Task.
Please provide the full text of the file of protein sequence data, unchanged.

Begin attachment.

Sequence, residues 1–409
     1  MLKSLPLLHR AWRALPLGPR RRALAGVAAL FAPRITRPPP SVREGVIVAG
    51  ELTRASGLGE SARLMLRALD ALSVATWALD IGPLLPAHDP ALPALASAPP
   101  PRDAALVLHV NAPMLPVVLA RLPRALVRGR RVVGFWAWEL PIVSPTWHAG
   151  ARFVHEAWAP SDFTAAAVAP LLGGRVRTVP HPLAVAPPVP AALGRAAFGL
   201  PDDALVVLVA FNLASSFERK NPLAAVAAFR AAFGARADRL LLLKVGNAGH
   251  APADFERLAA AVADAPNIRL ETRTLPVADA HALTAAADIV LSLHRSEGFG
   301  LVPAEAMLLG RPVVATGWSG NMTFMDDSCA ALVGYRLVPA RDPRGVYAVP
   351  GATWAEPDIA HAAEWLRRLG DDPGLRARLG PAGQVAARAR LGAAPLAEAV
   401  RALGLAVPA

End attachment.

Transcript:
Sequence, residues 1–409
     1  MLKSLPLLHR AWRALPLGPR RRALAGVAAL FAPRITRPPP SVREGVIVAG
    51  ELTRASGLGE SARLMLRALD ALSVATWALD IGPLLPAHDP ALPALASAPP
   101  PRDAALVLHV NAPMLPVVLA RLPRALVRGR RVVGFWAWEL PIVSPTWHAG
   151  ARFVHEAWAP SDFTAAAVAP LLGGRVRTVP HPLAVAPPVP AALGRAAFGL
   201  PDDALVVLVA FNLASSFERK NPLAAVAAFR AAFGARADRL LLLKVGNAGH
   251  APADFERLAA AVADAPNIRL ETRTLPVADA HALTAAADIV LSLHRSEGFG
   301  LVPAEAMLLG RPVVATGWSG NMTFMDDSCA ALVGYRLVPA RDPRGVYAVP
   351  GATWAEPDIA HAAEWLRRLG DDPGLRARLG PAGQVAARAR LGAAPLAEAV
   401  RALGLAVPA